First you’ll need a Jakprints template. We determine your final print size by looking at the tallest and widest points in your artwork. For our artwork, we’re using the 2×2″ template.

To the right, you can see our finished artwork: A 2×2″ Inkling sticker with a thick, white stroke provided by the dieline.

Step 1 | Setting Up Your File

This tutorial uses Adobe InDesign CS6, but the process is the same regardless of your version. And, this tutorial assumes you have artwork ready to print.

Let’s get going on the file preparation, assuming your artwork is already created, we’re going to place (File > Place) the artwork into InDesign into the layer labeled Place your art here.

 Step 2 | Creating Your Dieline

Next, we’ll start on our Dieline. This can be done by using any combination of the Pen Tool or the Shape Tools — as long as your result is a Vector Path. It’s best practice to create your dieline in a unique Layer (Window > Layers), choose the layer labeled Place Die-Line On This Layer.

A couple things to remember when creating your dieline.

  1. If you want your artwork to Bleed off the edge — as-in, you want your artwork to go all the way to the edge of your sticker — please ensure that your artwork extends a full ⅛” outside of the dieline.
  2. During cutting, the sticker sheet can shift slightly due to a number of factors. We recommend including ⅛” of Safety on your artwork to account for this. What’s that mean? Double-check that no important information or graphics — e.g, logos, web addresses, text — are closer than ⅛” to the dieline.
  3. Want a thick white border, but not sure how thick to go? That will vary based on your sticker size and personal taste, but we’d recommend no thinner than 9 pt. (0.125″).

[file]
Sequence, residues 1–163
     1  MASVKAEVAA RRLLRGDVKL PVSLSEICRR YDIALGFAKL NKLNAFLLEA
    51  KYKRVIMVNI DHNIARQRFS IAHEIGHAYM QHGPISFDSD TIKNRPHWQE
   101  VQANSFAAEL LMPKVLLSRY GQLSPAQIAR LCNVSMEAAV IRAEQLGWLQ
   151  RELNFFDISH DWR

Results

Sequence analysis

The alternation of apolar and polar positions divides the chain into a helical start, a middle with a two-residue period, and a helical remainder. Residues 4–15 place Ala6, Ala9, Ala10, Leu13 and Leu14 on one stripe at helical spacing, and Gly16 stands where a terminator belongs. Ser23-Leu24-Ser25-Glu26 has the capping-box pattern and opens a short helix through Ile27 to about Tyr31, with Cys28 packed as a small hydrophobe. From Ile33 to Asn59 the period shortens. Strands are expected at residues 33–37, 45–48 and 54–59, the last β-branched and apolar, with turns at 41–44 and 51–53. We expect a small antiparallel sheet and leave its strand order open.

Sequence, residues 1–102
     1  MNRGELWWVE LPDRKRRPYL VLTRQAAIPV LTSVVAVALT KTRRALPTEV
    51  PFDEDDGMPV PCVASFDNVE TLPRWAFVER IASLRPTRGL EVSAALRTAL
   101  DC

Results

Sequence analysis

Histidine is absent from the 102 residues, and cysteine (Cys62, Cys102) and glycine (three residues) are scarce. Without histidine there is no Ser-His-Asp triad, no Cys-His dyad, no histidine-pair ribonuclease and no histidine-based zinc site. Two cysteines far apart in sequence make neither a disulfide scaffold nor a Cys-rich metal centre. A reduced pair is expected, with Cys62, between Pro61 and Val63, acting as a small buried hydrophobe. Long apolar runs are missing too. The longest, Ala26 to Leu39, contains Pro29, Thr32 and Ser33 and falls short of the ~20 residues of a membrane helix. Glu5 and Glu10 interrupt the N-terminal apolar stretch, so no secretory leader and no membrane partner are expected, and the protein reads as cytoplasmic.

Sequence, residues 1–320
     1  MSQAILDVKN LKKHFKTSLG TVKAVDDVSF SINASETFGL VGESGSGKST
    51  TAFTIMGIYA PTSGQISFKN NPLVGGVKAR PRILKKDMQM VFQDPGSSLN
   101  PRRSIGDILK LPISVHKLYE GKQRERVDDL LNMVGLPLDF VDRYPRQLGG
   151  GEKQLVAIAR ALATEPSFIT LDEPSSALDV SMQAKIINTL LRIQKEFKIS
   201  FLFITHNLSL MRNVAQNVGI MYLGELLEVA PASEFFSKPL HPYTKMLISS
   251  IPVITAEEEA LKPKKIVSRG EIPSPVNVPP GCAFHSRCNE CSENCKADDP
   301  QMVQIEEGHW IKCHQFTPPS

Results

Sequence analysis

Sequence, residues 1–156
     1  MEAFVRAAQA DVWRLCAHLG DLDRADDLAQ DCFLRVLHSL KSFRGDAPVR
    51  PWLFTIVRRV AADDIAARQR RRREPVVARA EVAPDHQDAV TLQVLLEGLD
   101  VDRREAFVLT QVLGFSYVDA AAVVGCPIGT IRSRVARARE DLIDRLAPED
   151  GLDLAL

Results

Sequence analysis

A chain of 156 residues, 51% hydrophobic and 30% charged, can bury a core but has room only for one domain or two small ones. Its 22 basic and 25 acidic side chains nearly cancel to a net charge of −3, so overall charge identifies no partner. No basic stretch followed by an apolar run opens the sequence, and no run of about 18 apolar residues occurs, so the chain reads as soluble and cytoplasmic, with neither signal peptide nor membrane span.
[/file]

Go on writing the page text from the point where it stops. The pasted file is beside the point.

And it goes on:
How Complicated Can Your Shape Be? Fairly complicated, actually. Inset shapes or kiss cutting are available, but are not included in the standard pricing. Please request a custom quote.

Bear in mind that while Vinyl Stickers are durable, it is very thin material. Watch out for excessively narrow pieces that may be easily torn by your customers. But in general, let your imagination run wild. If we see something that we’re concerned about, we’ll be sure to reach out.

 Step 3 | Path Preparation

Make sure that the Stroke (Window > Stroke) of your path is set 1 pt. and that it uses a bold color that can be easily seen on top of the artwork. In our example, we’ll pick something that contrasts with our cyan Inkling, like 100% Magenta.
Next, we’ll convert our dieline into a Spot Color. That will tell InDesign to treat the dieline as a unique color, instead of a blend of the standard printing inks.

Plus, we’ll need to set our Dieline to Overprint. Otherwise, the Dieline will knockout any of your sticker colors underneath it — which means that your final stickers would have a white line along the cut — not cool. Open your Attributes panel (Window > Output > Attributes), and with your Dieline selected, check the box marked, Overprint Stroke.

 Step 4 | File Export

Your sticker file should be ready for Export (File > Export)!

  1. Select Adobe PDF (Print) as your Format.
  2. Name your file something clear, avoid ambiguous names; e.g., sticker.pdf.
  3. Click Save to bring up the PDF Settings dialog box.
  4. From the list of Adobe PDF Presets choose [PDF/X-1a:2001].
  5. Select the Marks and Bleeds tab to the left.
  6. Under the Bleed and Slug heading, ensure that Use Document Bleed Settings is on.
  7. Click Export and rejoice!

 Step 5 | Upload Artwork

Now you’re all set! Click to upload your artwork or place your order. A friendly Customer Service Rep will be in touch shortly.